“These documents make clear that Boston 2024 has one message when it meets privately with the . . . USOC, and an entirely different message when it speaks to the Massachusetts public about who will bear the costs of the Games,” an opposition group, No Boston Olympics, said in a statement.

    Walsh said Thursday that he is looking ahead to the future redevelopment of Widett Circle, after the Games.


    “We do tax financing all the time for developments in the city of Boston, some of our largest developments we have now,” Walsh said in an interview Thursday in Jamaica Plain, after a meeting with constituents.

    He cited the construction of the Vertex headquarters on the South Boston waterfront and the New Balance headquarters in Allston as examples of projects for which the city helped finance infrastructure.

    “In some cases it works,” he said. “You need to see the individual deals. You can’t just do it blanket across the board.”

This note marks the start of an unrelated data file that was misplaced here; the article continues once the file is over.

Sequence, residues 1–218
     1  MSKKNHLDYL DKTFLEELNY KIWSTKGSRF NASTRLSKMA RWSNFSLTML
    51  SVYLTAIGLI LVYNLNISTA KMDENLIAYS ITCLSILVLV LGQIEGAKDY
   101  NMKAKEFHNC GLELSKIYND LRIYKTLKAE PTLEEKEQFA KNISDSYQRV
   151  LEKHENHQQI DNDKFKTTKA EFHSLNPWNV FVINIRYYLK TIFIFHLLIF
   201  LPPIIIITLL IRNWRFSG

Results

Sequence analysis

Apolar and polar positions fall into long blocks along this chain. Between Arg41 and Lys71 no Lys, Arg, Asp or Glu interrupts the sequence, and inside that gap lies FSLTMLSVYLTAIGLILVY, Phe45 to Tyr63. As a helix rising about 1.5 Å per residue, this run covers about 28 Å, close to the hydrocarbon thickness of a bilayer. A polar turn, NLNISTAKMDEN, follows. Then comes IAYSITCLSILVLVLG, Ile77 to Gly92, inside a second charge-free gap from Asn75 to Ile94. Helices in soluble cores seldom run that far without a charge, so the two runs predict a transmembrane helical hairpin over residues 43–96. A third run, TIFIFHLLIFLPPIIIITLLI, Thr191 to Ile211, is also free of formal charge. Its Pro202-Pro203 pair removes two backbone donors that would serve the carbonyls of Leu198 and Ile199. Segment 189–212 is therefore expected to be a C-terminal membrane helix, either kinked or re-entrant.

Tax increment financing can involve the city or state borrowing money to build infrastructure needed for future development, with the understanding the money would be paid back by increased tax revenues generated by that development. Cities across the country have argued that the incentives are needed to lure or jump-start development. In 2010, for example, Boston approved a $16 million TIF, in the form of a tax abatement, to help Liberty Mutual build a new office tower in the Back Bay.

    The risk to taxpayers depends on how the deals are structured, said Rachel Weber, an associate professor of urban planning at the University of Illinois Chicago. Across the country, she said, there have been very few instances of default.


    “If the project is generally successful and the property values in the area increase at the rate that was projected, these are not innately risky,” Weber said. But if the project falters or a recession hits, most municipal borrowing arrangements require the city or state to step in and pay down the debt, by shifting money from other parts of its budget or by raising taxes, Weber said.

    One of the routes that Boston 2024 would consider, however, would have the group pursuing tax-exempt bonds issued by the Boston Industrial Development Financing Authority, a city agency launched in 1971 to promote construction and job creation. The bonds the authority issues are typically worth more than $3 million and must be approved by MassDevelopment, a state agency.